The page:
IMF Urges Marshall Islands To Reconsider Cryptocurrency Plansbr>
The International Monetary Fund (IMF) has warned the Republic of the Marshall Islands (RMI) about the risks of issuing a national cryptocurrency.
In February of this year, Marshall Islands, a country located near the equator in the Pacific Ocean, passed the Declaration and Issuance of the Sovereign Currency Act 2018. The purpose of the bill is to declare and issue its own cryptocurrency as an official legal tender, to be known as the Sovereign (SOV). The government partnered with Israeli startup Neema to develop the cryptocurrency, and an initial coin offering (ICO) has been scheduled for later this year.
“This is a historic moment for our people, finally issuing and using our own currency, alongside the USD,” Marshall Islands President Hilda C. Heine said at the time. “It is another step of manifesting our national liberty. Allocating SOV units directly to the citizens will circulate the currency and distribute wealth efficiently to our people.”
On Monday, however, the IMF published its 2018 Marshall Islands country report advising against the country’s crypto plan. The report encouraged local authorities to be cautious about issuing a decentralized digital currency as a second legal tender and carefully consider the macroeconomic and financial stability risks.
“The potential benefits from revenue gains appear considerably smaller than the potential costs arising from economic, reputational, AML/CFT, and governance risks,” the report said. “In the absence of adequate measures to mitigate them, the authorities should seriously reconsider the issuance of the digital currency as legal tender.”
The IMF said that in the absence of adequate risk mitigating measures, the issuance of a decentralized digital currency as a second legal tender would not only increase macroeconomic and financial integrity risks but elevate the risk of losing the last US dollar correspondent banking relationship (CBR).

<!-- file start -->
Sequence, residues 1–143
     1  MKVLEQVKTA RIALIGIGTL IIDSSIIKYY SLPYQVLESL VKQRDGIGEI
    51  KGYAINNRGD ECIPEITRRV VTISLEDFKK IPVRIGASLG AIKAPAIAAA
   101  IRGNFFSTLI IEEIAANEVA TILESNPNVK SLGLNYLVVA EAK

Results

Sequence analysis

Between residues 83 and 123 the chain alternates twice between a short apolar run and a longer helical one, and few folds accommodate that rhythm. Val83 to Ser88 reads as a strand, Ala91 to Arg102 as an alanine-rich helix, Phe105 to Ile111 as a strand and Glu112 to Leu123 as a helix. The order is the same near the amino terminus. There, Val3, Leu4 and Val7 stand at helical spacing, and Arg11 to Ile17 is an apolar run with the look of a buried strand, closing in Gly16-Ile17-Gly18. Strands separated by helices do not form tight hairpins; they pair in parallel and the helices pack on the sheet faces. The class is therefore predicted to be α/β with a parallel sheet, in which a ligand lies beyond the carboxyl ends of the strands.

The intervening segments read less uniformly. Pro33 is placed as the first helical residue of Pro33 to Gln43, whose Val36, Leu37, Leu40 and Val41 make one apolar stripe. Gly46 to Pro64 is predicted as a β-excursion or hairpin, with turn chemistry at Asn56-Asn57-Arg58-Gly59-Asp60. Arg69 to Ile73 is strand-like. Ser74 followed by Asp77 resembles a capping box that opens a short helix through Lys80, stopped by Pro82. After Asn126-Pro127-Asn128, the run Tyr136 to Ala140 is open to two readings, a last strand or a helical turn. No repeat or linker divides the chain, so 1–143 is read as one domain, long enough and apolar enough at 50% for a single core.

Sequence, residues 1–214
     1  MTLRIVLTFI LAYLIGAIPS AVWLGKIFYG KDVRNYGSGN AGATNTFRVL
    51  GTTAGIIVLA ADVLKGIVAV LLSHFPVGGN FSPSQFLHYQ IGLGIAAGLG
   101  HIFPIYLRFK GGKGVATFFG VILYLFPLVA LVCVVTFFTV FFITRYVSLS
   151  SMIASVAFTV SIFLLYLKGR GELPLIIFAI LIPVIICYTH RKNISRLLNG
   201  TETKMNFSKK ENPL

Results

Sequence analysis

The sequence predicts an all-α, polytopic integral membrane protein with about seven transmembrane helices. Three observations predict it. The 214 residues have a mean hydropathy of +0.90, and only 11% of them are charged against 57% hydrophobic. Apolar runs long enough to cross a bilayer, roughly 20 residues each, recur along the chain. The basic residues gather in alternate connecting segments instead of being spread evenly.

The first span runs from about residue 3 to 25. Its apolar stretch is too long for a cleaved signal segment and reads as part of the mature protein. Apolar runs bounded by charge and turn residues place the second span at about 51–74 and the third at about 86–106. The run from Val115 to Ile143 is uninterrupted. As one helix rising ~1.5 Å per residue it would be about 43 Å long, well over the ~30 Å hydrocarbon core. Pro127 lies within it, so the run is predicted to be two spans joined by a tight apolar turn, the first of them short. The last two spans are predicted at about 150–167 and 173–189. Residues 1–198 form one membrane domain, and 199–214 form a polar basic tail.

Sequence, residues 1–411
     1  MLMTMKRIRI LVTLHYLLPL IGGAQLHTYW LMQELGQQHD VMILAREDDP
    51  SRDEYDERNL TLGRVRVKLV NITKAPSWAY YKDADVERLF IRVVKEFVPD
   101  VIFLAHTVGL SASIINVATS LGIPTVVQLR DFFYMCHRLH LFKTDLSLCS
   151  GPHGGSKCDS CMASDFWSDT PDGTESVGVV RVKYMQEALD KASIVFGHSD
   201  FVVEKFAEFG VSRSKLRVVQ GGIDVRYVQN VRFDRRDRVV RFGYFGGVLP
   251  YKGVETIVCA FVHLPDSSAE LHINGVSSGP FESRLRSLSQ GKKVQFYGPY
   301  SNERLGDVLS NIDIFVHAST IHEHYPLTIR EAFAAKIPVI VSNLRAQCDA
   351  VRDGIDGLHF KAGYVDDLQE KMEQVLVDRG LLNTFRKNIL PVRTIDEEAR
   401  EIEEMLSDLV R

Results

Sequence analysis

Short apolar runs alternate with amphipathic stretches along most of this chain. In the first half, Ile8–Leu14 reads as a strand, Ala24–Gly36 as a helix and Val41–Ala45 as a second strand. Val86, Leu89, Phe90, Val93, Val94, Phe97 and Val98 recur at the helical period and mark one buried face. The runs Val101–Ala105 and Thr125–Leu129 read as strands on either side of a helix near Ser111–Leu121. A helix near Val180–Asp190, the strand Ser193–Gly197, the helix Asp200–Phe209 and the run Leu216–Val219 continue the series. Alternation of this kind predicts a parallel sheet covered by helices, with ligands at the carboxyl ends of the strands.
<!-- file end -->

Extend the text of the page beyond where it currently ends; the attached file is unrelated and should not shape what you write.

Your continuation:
“If RMI’s only domestic bank lost its last US dollar CBR, external aid and other flows could be disrupted, which would result in a significant drag on the economy,” the IMF said.
The law requires that all users of the planned national cryptocurrency undergo standard KYC procedures and that their identity be recorded on the blockchain. However, the IMF said the country has not establish the content of the standard KYC procedures and the modalities of their implementation.
“In light of the potential for digital currencies to be misused for money laundering and terrorist financing (ML/FT) purposes, the issuance of the SOV without effective implementation of comprehensive AML/CFT measures could offset recent progress in strengthening the AML/CFT framework, leading to increased scrutiny from the AML/CFT standard setter and potential countermeasures, including, possibly, the immediate loss of the CBR,” the IMF said.